At Social Tees Shelter, there is a front window area where we always keep a few cats, and recently some new cats came in when we were full to bursting, so a couple of them went straight into the window area. It became clear that one of the new cats was terrified in there, hiding behind the litter box which is set inside a box there. I decided to climb into the window area to see if I could coax him out.
I moved the litter box away and started out by speaking very softly to little Murray (pictured above). As I didn't know whether he would try to bite or scratch, I started out by doing some circles and strokes on him with a long-handled paintbrush, starting out on his head and then moving down to the body. I could see his body becoming more comfortable, spreading out a bit as I was working on him. He was still a bit puzzled but seemed to know that I was trying to help him. Little by little I worked my hand down the handle of the paintbrush until I was TTouching him with my hand. While I was doing this, I had my body sideways to him and was not looking directly at him, mostly out of the corner of my eye. I did some clouded leopard touches down his body, ear strokes and raccoon touches on his head, and he began to rub himself against me a bit. I gave him some wet food, which he began to eat ravenously, as though he had not eaten in a long time, and I continued to touch him as he ate, which seemed to make him even more at ease eating.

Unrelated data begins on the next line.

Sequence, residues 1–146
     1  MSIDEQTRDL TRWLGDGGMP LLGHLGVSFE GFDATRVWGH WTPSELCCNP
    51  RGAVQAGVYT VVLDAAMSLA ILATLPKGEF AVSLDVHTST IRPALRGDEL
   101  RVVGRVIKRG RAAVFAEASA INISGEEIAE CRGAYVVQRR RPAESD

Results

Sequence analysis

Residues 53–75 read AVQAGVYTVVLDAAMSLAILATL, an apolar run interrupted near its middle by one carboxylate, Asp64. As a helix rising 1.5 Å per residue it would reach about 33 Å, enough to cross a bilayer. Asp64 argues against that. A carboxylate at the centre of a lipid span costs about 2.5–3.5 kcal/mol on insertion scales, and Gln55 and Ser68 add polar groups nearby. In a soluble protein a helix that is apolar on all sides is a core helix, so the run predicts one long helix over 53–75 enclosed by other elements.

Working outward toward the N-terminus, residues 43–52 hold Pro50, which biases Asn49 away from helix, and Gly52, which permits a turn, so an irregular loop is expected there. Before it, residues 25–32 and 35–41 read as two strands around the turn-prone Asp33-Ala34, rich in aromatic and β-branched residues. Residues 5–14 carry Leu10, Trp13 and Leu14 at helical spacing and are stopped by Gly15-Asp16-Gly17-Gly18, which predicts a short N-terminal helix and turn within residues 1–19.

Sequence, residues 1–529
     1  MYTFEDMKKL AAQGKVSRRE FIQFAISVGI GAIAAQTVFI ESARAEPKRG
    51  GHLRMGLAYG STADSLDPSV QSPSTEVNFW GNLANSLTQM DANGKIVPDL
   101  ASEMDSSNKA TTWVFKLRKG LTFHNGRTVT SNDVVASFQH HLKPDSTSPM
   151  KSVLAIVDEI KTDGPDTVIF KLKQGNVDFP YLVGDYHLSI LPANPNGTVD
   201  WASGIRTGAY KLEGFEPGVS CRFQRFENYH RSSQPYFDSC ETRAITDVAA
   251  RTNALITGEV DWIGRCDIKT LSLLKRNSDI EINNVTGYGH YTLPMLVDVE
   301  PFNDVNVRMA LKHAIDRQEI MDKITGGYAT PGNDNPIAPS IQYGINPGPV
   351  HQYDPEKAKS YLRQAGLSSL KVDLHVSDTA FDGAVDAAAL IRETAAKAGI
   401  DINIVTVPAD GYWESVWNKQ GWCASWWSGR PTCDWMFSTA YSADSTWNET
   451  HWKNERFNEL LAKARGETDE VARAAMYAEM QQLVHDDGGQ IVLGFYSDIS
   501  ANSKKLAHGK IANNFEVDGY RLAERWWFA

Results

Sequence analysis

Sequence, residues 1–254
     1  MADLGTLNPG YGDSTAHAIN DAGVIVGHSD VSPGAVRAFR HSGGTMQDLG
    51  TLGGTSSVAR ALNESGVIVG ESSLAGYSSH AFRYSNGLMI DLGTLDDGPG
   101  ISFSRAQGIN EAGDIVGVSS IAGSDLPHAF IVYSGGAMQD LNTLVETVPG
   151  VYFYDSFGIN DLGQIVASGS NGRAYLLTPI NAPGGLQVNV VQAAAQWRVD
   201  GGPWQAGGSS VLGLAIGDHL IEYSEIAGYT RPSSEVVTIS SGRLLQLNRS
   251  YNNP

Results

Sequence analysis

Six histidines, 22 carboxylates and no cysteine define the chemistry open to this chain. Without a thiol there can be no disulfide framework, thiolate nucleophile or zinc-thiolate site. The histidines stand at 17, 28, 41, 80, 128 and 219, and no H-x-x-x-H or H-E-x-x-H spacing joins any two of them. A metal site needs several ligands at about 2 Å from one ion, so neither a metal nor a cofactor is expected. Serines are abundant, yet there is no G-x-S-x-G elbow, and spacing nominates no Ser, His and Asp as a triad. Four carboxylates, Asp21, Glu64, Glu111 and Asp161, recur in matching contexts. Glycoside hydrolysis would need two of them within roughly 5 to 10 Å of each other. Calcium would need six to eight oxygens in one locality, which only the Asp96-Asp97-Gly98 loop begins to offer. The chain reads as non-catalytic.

After I had worked on him for a while, I felt I was going to be able to get him into a carrier to move him to a cage by himself, so a carrier was put next to me. I told him what I was going to do, and he really did not resist at all when I picked him up to put him in the carrier, as though he understood that I was going to take him to a place that felt better than where he was.
Once I put him in a cage with food and water, I did some TTouch on him again, and he began to eat again, still seeming to be really hungry, and as though he finally felt comfortable. Here he is, pictured below, finally relaxing in a cage by himself, He was just too scared in that window area with the other cats, people walking by and looking in, etc. - that was just too much for him. But he seemed just so calm and grateful once he was in a cage by himself. I was also very glad I had been able to get him in a cage to get a better look at him, as the poor boy had an abrasion on his neck so I was able to treat it. He is such a sweet boy. I hope he will be going to a forever home soon.